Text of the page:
Seeing a great band for the first time is a bit like falling in love. It’s intense, exotic and sometimes it’s over far too soon.
That was certainly the case Wednesday night at Chop Suey as Los Angeles-based Raw Geronimo turned in a rocking 40 minutes of melodic mayhem that accomplished the seemingly impossible in today’s musical landscape: The band, led by Laena Geronimo, sounded pretty damn unique.
Raw Geronimo announced itself with “Van Gogh Baby,” a slow-burning track off their debut album “Dream Fever” that builds into a cathartic, crashing release of pounding drums and Geronimo’s supremely confident belting.
They wisely launched right into the punk-influenced “Bitched” and Geronimo slithered, shook and shimmied around the stage like a veteran despite the fact that this is her band’s first tour. Dressed in a white blouse and leather pants, she looked the part she was playing, but it was her delivery that sold it. Geronimo, the daughter of Devo drummer Alan Myers (who sadly just passed on this summer), is the real deal and she erased any doubt of that with a convincing performance.
The band displayed an impressively wide-ranging sound as they eagerly tore through 10 of their album’s 11 songs. From the vaguely Eastern European-sounding “Bird’s Eye Bonsai” to its elegantly layered single “Faustine,” Raw Geronimo proved that it deserved to play in front of more than just 30 or so people.
The problem is, as one person eloquently put it at the show, there is a lot of noise out there. It’s not news that the internet age has ushered in an era where anyone with a laptop can cut a record and post it online, but knowing that doesn’t mean it’s any less difficult to sift through all the garbage to find something truly great.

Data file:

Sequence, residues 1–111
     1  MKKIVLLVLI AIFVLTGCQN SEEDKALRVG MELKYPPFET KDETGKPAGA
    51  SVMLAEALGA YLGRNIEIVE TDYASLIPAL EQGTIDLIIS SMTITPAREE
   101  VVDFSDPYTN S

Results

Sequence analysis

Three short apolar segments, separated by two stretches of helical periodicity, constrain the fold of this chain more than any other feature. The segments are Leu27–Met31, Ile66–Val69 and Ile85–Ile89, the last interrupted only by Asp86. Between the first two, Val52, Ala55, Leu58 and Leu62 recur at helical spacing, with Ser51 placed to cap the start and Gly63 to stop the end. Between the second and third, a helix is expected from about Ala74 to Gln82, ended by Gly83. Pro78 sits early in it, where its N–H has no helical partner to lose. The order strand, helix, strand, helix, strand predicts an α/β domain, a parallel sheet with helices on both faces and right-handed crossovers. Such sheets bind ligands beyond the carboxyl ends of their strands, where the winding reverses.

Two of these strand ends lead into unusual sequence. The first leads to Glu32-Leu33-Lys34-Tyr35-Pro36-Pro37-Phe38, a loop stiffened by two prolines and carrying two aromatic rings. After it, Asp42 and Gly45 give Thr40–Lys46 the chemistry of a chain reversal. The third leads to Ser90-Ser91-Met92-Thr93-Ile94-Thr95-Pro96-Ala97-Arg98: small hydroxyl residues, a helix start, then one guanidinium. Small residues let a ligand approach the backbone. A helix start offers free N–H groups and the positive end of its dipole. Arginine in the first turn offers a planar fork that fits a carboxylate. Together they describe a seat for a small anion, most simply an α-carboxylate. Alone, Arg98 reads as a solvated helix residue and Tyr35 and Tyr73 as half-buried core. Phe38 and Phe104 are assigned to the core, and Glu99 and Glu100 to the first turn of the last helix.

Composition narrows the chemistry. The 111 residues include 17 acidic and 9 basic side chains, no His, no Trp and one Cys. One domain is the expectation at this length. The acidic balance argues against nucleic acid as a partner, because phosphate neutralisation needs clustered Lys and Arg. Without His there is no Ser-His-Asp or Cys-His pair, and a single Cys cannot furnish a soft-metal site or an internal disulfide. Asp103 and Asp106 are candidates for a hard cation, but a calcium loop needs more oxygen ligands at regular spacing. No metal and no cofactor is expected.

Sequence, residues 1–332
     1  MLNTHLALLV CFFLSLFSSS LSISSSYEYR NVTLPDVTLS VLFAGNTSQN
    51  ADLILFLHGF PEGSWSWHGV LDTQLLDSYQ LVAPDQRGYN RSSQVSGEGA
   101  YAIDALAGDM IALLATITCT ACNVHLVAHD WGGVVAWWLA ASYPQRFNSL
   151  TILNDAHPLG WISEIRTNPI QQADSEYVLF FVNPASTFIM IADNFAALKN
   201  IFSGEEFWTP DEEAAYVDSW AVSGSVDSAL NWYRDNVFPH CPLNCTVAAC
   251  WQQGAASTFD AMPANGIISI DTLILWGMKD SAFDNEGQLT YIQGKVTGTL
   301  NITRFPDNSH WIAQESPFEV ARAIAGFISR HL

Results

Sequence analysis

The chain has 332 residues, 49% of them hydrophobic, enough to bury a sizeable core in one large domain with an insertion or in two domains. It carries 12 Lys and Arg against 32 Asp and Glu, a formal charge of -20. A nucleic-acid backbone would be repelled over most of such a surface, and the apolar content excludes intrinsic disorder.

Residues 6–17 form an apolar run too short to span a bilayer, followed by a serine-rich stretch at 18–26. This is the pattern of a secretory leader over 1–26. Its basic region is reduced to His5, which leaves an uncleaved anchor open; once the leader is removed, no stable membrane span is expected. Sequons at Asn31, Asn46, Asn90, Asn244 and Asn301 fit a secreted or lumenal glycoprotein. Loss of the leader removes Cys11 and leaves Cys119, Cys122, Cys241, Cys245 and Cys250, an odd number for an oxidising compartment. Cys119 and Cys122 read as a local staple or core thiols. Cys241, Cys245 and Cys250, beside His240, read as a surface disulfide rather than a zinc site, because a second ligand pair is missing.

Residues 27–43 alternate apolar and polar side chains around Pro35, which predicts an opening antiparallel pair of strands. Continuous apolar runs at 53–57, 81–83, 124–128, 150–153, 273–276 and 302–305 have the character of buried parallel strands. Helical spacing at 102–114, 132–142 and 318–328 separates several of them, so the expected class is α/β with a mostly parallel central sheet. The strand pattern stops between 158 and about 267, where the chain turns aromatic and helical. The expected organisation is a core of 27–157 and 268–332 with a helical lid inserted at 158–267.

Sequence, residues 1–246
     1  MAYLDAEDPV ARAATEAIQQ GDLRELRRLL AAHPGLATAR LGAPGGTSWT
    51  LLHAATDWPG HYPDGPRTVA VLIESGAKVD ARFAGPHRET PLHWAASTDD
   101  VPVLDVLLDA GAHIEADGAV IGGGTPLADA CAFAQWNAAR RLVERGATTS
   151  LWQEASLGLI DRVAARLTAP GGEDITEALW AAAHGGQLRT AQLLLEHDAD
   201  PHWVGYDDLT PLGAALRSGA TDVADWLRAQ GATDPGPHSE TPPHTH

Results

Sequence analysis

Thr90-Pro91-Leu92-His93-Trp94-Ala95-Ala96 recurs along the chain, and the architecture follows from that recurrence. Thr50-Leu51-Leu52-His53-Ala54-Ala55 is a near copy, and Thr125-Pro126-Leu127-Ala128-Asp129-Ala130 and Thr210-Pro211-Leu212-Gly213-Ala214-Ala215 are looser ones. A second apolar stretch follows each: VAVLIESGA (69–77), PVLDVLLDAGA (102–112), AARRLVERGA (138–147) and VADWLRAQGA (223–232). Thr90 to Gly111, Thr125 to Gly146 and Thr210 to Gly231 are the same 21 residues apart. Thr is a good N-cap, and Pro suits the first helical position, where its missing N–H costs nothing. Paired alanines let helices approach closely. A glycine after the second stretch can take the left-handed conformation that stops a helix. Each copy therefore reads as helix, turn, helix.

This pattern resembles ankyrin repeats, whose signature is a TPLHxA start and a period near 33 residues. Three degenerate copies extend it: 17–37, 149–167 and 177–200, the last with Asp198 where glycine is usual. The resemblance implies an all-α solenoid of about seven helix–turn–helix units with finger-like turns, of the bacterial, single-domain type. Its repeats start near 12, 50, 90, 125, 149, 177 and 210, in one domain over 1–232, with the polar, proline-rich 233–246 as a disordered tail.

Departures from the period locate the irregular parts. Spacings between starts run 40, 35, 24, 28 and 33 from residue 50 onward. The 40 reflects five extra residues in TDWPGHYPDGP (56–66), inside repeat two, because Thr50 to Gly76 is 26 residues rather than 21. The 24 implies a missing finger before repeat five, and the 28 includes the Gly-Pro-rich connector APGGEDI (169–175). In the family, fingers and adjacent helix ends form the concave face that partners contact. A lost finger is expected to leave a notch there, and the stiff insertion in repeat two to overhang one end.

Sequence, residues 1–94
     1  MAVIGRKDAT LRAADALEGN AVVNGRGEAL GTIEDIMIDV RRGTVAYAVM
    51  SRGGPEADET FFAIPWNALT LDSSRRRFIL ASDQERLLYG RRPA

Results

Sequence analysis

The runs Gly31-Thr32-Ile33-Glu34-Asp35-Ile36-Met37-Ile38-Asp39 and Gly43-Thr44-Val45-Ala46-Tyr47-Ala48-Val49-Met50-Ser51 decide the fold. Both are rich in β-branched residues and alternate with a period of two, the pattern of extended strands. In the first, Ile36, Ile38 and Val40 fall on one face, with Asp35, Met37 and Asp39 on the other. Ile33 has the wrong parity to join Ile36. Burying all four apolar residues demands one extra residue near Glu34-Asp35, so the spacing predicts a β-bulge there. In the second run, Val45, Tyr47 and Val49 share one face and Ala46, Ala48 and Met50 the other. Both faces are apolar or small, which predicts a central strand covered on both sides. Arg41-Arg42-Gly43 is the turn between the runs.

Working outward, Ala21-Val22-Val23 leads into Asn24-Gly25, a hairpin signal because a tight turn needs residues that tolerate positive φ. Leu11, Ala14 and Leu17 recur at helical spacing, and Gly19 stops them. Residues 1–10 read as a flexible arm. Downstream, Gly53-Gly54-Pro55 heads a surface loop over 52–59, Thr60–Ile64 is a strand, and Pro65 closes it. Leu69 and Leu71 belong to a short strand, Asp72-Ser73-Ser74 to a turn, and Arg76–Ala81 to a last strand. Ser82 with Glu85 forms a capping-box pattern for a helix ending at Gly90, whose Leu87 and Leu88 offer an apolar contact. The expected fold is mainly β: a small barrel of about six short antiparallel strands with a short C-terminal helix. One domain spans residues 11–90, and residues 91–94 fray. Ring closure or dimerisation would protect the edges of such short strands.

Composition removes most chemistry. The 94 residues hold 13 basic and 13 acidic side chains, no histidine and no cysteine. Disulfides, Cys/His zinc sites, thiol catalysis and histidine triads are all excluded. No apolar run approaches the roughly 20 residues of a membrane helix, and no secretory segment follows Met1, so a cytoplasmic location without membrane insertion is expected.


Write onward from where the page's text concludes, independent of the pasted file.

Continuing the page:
If there was any justice in the world of music, Raw Geronimo would have already made it. But of course, there isn’t, so they’re out on the road grinding on a tour that was put together at the absolute last minute, hoping that the old adage about the cream rising to the top is true.
Fortunately they got some pretty solid local bands to fill the bill out. The Trouble Starts opened things up and sounded like the illegitimate offspring of Brand New, Explosions in the Sky and the Gaslight Anthem. Weird? Well, it worked. “Queermocore” band Wishbeard was similarly impressive and used thudding bass, a nifty synthesizer and Bryn Santillan’s ethereal vocals to craft melodic songs perfect for a late night adventure.
But it was the out-of-towners who left the lasting impression. As their final number, “Magnetic Love,” reached its cathartic climax, you got the feeling that the love affair might just be starting.
-Owen R. Smith, on Twitter @inanedetails